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Using hermeneutic phenomenology approach to explore how junior doctors learn clinical reasoning in practice

Show simple item record Karunaratne, W.C.D. Chandratilake, M. Marambe, K. 2017-10-24T06:16:10Z 2017-10-24T06:16:10Z 2017
dc.identifier.citation Sri Lanka Medical Association, 130th Anniversary International Medical Congress. 2017;62(Supplement 1):202 en_US
dc.identifier.issn 0009-0895
dc.description Poster Presentation Abstract (PP 102), 130th Anniversary International Medical Congress, Sri Lanka Medical Association, 13th-16th July 2017 Colombo, Sri Lanka en_US
dc.description.abstract INTRODUCTION & OBJECTIVES: Hermeneutic phenomenology is a qualitative study design to understand individual learning experiences from the beholder’s perspective (phenomenology) while appreciating the subjective interpretation of them by the researcher with essential prejudices for understanding the concept (hermeneutic). Clinical reasoning is a multifaceted, dynamic, individualized and evolving construct. Therefore, how junior doctors learn clinical reasoning in practice was explored using this approach. The aim is to share this methodological experience with prospective researchers to be used for similar purposes. METHODS: A total of 18 junior doctors (Males: 7, Females: 11) from four major clinical disciplines participated in individual in-depth semi-structured interviews. Lived-experiences were encouraged more during the interviews than the perceptions complying with phenomenology. The interviews were audio-recorded, transcribed verbatim and analyzed according to the Ritchie and Spencer framework using the Atlas.ti software. The above framework was chosen to maximize the diversity of interpretation. Three personnel with the same academic background but different levels of experience developed the coding framework. This resulted in identification of codes from participants’ expressions (first-order constructs; layered by the researcher’s interpretations of these constructs (second-order constructs). The second-order constructs gave the impetus for emerging themes for the coding framework. Three frameworks of three coders were compared; consensus and deviations were included in developing the final coding framework. RESULTS: The framework revealed rich and diverse accounts of how junior doctors conceptualized clinical reasoning, the presence of numerous interpersonal and contextual factors driving, facilitating and supporting learning and also hindering the learning process. CONCLUSION: Hermeneutic phenomenology can be used effectively to understand complex phenomena like clinical reasoning. en_US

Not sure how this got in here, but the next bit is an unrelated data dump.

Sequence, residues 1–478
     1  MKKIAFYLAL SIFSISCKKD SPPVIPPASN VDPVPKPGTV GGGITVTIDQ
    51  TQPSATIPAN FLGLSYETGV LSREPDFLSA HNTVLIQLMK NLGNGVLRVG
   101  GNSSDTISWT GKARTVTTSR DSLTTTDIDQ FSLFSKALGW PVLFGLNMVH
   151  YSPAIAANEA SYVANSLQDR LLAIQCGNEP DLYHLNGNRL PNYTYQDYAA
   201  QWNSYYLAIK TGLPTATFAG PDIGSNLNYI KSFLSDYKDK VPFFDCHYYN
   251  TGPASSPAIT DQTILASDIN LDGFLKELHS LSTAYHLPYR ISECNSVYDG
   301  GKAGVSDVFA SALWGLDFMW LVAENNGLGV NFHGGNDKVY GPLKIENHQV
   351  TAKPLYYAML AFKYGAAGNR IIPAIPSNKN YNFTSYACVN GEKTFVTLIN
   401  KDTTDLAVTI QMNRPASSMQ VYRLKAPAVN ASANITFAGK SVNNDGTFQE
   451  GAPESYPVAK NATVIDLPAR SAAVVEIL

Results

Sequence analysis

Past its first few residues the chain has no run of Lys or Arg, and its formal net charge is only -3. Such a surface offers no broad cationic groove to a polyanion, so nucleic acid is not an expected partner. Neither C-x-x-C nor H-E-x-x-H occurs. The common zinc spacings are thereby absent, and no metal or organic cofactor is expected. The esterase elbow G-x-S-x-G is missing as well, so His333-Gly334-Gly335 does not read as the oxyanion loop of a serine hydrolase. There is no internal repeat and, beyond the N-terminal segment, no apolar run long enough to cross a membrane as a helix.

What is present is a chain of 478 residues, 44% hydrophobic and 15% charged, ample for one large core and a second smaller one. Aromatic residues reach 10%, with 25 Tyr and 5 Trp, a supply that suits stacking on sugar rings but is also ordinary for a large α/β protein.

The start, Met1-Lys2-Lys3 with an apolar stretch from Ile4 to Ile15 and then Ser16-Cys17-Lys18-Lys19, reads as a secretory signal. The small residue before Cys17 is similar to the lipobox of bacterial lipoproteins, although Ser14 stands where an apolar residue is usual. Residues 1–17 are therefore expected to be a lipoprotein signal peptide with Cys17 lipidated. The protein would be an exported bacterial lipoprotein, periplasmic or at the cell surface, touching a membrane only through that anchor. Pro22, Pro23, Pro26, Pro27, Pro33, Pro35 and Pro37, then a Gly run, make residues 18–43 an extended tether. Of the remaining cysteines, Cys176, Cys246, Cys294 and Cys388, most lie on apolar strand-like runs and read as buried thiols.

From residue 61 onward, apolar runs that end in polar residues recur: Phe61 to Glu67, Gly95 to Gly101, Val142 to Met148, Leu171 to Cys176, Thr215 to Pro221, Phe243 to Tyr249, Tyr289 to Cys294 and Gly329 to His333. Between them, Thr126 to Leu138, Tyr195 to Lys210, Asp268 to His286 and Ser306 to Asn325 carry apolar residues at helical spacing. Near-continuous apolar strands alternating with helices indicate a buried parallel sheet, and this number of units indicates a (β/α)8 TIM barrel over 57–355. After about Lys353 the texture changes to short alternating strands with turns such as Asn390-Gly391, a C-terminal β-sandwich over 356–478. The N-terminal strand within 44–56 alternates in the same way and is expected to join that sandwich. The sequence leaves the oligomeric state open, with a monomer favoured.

dc.language.iso en_US en_US
dc.publisher Sri Lanka Medical Association en_US
dc.subject Hermeneutic phenomenology en_US
dc.title Using hermeneutic phenomenology approach to explore how junior doctors learn clinical reasoning in practice en_US
dc.type Conference Abstract en_US

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